When MBA student Liz Dong was asked to help plan and moderate a Believers in Business conference panel on dealing with disappointments, she had plenty of experience to draw from.
After immigrating from China to the US in fourth grade, Liz studied hard and excelled in school. But her hopes for future success were devastated when she and her mother discovered paperwork mistakes by their immigration attorney left them without proper documentation. Liz and her mother trusted in God though and, as she explained in a Christianity Today testimony, God miraculously opened the doors at Northwestern University, where she graduated in 2011.
Finding work was difficult because of her immigration status, even with a college degree. As soon as Deferred Action for Childhood Arrivals (DACA) was implemented in 2012, which provided Liz and many other immigrants a temporary work authorization, Liz took a marketing job with a small eCommerce company. Then, as she took the Perspectives on the World Christian Movement course through her church, she began to discover ways to apply her faith and use her own immigrant background to help other immigrants.
She moved into an apartment complex in suburban Chicago and joined a small intentional Christian community that was living among and serving their many immigrant and refugee neighbors. On nights and weekends, Liz gave rides, worked with children, and offered other practical support. “We were neighbors and friends,” she said. “I helped them, but I was also blessed by my immigrant neighbors.”
Then she changed jobs to work with World Relief and the Evangelical Immigration Table, advocating for immigration issues from a Christian perspective and drawing from her rich background of experience.
Back in School Again
Liz dreamed of going to graduate school to study management. Chances did not look promising as she tried to make ends meet on her non-profit salary. But she reconnected with the same foundation that had supported her as an undergrad at Northwestern, applied at the Booth School of Business at the University of Chicago, and found herself admitted.
Her focus on management could have led her to stay in the nonprofit world or to a job in business. Either way, she knew she wanted to integrate her faith with her vocation. After a conversation with a missionary who was visiting her church she decided to learn more about that integration by attending Urbana 15, InterVarsity’s Student Missions Conference in St. Louis.
At Urbana, Liz discovered other business students who shared her conviction. “The Business as Mission track was highly applicable and practical for understanding the theology of work and that all work is ordained by God when it's done in a way that honors God,” she said. That was also where she met Mark Washington, who directs InterVarsity’s MBA Ministry.
Mark urged her to join Christians in Business, InterVarsity’s fellowship at Booth, where she eventually became one of the leaders. He also recommended the annual Believers in Business (BiB) conference that’s held in New York City each winter (This year’s dates are February 21-22).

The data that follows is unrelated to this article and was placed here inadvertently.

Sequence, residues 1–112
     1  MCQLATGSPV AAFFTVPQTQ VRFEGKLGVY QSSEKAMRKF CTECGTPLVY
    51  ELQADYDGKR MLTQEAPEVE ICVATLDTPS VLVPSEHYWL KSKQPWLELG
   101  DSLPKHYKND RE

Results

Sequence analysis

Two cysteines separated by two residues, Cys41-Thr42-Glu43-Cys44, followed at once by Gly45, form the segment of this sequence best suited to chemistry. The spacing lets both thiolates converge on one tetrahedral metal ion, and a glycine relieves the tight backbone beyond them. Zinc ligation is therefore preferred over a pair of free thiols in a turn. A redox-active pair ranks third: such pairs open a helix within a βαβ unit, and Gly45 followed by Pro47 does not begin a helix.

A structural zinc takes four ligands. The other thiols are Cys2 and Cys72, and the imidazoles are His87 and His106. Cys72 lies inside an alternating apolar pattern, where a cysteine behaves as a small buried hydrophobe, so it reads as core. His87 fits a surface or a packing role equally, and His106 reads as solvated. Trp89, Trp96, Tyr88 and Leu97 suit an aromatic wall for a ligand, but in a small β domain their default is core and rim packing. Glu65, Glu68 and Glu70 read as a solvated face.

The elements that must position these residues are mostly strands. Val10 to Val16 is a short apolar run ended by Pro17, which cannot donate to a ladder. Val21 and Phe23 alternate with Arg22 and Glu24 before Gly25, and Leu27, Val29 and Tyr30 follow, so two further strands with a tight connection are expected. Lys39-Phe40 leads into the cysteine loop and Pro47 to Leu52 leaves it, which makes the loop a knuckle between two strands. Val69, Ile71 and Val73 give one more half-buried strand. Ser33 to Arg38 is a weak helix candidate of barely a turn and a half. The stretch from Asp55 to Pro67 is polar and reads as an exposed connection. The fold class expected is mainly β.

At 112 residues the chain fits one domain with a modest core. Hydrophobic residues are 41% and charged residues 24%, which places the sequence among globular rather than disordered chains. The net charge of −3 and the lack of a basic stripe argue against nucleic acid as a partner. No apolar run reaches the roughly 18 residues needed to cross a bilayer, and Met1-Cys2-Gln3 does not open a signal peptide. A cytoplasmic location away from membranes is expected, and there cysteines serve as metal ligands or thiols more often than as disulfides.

Believers in Business
The first time she went to BiB, Liz found it refreshing and challenging to hear from business leaders who shared about their work experience and how they integrated faith into their workplace. The second year she went as a finalist in a Business as Mission competition. Her team helped a Christian company grow its profitability, invest in the communities where it employed workers, and advance other objectives that supported God’s kingdom. She described it as an enriching experience. Her team placed third.
Although the Booth MBA program normally lasts two years, Liz worked full time and went to school part time, stretching it to three years and allowing her an additional opportunity to attend BiB. For her third year, Liz served as a planner and moderator of the panel on dealing with disappointment.
“That topic was important to me,” she said. “It’s good to showcase more than just the successes. In our failures and disappointments, we discover God sees success differently than how we see it.”
Today, Liz no longer lives in the midst of an immigrant community. She also has a new job, working with a financial advising service. But she still advocates for immigrants and refugees in her spare time.
Liz is thankful for the path that God has led her on, particularly through the challenges of graduate school.
“I knew that everywhere I went, whatever I did, I wanted to somehow integrate my faith with the thing that I did, in the place where I was at,” she said. “Christians in Business, the campus fellowship at Booth, provided me a means to do that.”
Looking back at the seemingly insurmountable challenges she faced before both her undergrad and graduate school experiences, she sees God’s faithfulness.
“Each step of the way that God has led me, God has opened doors. Sometimes even unbeknownst to me at the time, God has prepared me for the next step. But I also know that God has used and is using all of my experiences in the past to prepare me for what he will have me doing next.”
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